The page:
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Second Thoughts - De File
Does Collecting Make You Feel Dirty?
Second Thoughts
Despite my bold declaration earlier this morning that I would use "inextricably" with the freedom of the bricoleur, I couldn't resist the urge to consult the OED's exemplary quotations:
1598 DRAYTON Rosamond to K. Henry Annot., Vaults arched and walled with brick and stone, almost inextricably wound one within another. 1692 RAY Dissol. World 134 The Sun may be so inextricably inveloped by the maculæ, that he may quite lose his light. 1725 POPE Odyss. VIII. 342 Th' intangling snares deny (Inextricably firm) the pow'r to fly. 1830 D'ISRAELI Chas. I, III. xii. 268 Politics was now inextricably connected with religion. 1887 J. S. BANKS Man. Chr. Doctr. II. iii. 178 In the Roman teaching..truth and error are subtly and inextricably interwoven.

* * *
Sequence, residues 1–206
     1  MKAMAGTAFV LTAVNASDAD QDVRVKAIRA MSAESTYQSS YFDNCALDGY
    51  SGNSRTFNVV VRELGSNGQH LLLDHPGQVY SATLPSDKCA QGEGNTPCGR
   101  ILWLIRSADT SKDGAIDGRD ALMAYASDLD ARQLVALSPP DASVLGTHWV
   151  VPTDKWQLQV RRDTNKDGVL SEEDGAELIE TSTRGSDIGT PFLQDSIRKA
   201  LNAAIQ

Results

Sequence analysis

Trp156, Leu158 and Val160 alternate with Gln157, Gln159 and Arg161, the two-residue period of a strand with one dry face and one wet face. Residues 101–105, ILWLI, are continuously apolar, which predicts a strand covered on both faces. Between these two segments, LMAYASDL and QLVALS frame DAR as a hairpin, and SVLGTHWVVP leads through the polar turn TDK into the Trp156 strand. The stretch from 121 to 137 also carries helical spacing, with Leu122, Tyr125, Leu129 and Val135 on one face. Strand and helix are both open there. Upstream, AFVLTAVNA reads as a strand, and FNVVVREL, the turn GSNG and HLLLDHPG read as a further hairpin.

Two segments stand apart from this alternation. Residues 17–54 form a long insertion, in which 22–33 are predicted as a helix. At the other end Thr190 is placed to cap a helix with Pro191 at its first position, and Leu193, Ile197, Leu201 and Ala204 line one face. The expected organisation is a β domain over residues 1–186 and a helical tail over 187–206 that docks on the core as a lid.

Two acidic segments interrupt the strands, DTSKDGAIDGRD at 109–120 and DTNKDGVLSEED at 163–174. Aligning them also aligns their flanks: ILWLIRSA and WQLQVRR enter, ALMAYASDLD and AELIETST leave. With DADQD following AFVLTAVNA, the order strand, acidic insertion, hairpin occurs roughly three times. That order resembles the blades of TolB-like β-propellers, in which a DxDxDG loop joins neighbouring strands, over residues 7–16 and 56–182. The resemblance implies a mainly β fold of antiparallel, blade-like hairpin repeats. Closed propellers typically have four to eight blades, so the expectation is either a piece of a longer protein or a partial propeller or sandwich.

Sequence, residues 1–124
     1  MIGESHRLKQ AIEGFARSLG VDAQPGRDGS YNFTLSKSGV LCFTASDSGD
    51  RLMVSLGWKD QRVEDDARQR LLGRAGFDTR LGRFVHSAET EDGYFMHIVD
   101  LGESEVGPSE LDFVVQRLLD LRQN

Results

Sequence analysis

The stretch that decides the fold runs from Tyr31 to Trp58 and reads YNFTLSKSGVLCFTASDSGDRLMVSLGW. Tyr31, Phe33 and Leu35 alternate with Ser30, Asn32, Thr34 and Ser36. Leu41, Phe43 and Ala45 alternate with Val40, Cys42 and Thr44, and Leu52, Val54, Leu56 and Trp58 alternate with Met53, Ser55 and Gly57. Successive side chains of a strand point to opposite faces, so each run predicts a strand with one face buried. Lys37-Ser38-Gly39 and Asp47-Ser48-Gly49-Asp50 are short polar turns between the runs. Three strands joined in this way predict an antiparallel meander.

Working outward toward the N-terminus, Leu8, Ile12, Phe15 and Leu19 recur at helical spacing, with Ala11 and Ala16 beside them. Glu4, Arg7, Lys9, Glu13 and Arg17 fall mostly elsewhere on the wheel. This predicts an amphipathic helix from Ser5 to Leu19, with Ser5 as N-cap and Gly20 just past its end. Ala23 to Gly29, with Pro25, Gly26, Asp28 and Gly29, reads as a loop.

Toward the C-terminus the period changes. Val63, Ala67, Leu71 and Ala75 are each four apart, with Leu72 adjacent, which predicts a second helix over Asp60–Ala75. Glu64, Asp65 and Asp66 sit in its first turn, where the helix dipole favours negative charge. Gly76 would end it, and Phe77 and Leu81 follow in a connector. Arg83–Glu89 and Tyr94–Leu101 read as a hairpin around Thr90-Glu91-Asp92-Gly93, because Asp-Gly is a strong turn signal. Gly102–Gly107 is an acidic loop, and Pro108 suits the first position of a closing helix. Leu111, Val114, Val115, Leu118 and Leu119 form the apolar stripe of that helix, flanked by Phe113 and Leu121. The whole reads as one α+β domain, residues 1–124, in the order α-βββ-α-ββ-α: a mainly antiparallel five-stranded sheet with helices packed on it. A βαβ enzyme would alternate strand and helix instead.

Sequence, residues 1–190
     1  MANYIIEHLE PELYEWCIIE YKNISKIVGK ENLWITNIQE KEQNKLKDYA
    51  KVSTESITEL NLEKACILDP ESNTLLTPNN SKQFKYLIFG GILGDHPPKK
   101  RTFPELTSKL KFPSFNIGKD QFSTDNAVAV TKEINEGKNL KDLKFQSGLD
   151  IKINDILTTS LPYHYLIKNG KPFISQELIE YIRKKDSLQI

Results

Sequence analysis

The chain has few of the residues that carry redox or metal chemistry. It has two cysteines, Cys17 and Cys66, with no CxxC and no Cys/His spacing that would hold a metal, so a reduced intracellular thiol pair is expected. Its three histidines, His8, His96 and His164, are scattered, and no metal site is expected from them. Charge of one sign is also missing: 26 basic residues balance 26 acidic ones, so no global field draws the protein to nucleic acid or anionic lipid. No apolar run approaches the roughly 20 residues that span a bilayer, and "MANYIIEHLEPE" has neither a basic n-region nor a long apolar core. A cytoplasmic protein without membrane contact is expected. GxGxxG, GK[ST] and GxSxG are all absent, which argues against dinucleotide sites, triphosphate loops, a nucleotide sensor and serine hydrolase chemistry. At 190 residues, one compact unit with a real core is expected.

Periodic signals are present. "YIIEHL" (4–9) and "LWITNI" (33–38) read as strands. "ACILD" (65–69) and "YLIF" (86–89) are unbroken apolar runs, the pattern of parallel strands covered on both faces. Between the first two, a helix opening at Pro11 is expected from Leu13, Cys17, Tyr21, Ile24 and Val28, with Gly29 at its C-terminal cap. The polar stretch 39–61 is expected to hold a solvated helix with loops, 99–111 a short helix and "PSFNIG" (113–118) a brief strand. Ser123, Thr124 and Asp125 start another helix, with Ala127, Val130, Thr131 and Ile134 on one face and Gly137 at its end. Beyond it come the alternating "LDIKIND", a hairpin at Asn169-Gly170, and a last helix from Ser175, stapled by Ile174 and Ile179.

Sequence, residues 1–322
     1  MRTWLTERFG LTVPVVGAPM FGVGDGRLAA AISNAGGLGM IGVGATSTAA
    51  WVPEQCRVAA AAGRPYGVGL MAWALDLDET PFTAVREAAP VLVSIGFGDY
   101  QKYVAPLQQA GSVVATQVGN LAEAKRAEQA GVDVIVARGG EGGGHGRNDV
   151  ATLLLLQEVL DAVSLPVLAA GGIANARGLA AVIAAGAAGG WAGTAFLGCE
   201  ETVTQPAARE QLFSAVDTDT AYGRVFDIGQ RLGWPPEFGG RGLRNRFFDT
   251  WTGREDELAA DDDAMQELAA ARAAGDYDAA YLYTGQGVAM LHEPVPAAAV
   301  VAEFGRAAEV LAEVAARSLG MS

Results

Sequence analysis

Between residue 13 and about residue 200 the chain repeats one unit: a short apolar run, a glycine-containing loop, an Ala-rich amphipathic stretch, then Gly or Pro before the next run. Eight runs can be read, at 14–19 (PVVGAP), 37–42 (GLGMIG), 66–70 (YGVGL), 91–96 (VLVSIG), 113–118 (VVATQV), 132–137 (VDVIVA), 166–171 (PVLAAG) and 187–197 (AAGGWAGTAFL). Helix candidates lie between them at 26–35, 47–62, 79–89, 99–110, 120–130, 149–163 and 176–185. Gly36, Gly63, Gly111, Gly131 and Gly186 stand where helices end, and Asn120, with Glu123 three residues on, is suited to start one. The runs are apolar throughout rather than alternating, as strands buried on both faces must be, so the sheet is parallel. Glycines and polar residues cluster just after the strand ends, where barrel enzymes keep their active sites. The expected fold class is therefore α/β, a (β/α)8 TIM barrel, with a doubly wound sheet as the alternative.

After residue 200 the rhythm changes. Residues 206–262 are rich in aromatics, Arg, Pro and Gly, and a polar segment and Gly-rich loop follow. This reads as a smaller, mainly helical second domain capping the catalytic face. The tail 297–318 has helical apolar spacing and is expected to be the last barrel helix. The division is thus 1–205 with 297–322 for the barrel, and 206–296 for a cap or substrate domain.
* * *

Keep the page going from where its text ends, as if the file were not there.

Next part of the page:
As you can see, every one demonstrates the caution that has been my wont, either fleshing out the implicit metaphor or providing clarification of an ablative nature.

So I'm torn now. Worse still, I'm wondering whether the term "inelegant prepositional phrase" in my previous entry on the subject is technically incorrect when applied to the coupling of "inextricably" and "by" or "with." Or is it my use of the term "ablative" this time wrong that betrays my having gone grammatically soft? Please help me: I'm drowning in doubt!

Mode: turning
Muse: Upsetters / Peace (Version) - Lee Perry - Chapter 2 Of Words

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elizabeg From: elizabeg Date: August 27th, 2004 07:48 pm (UTC) (LINK TO SPECIFIC ENTRY)
Now I don't delude myself that your Please help me means you're actually in desperate need of help but figure out the ex/tric thing and you might just have yourself some version of an answer. I mean "ex" takes the ablative in Latin after all. Though "in," it turns out, can take both ablative and accusative...

Damn. I think the grammar gods just left the building.
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